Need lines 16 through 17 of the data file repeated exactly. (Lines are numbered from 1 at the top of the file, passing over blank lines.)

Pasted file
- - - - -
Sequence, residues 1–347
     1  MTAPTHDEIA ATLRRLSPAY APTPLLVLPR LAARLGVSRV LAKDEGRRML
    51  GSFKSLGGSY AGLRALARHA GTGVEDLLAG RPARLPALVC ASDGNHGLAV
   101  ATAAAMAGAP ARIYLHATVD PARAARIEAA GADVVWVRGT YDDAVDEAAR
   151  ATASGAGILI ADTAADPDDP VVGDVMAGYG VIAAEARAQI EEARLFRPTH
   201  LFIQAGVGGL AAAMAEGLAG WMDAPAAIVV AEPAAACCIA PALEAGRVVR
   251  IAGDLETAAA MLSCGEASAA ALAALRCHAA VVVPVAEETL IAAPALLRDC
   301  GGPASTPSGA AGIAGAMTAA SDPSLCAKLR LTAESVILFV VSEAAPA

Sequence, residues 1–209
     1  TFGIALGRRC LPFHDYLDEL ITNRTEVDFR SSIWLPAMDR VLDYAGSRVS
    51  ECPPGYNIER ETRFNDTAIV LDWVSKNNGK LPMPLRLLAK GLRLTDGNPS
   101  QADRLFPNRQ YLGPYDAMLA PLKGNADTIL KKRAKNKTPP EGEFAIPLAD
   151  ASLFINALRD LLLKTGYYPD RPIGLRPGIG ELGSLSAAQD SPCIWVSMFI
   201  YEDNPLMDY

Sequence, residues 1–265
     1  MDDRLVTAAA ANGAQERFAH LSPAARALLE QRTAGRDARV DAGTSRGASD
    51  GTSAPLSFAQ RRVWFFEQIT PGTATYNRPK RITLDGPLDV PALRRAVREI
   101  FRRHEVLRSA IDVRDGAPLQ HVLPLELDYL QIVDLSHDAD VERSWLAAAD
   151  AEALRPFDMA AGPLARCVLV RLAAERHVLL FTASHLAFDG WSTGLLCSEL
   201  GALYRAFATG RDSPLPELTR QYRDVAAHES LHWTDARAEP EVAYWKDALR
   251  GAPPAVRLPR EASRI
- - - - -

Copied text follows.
     1  MDDRLVTAAA ANGAQERFAH LSPAARALLE QRTAGRDARV DAGTSRGASD
    51  GTSAPLSFAQ RRVWFFEQIT PGTATYNRPK RITLDGPLDV PALRRAVREI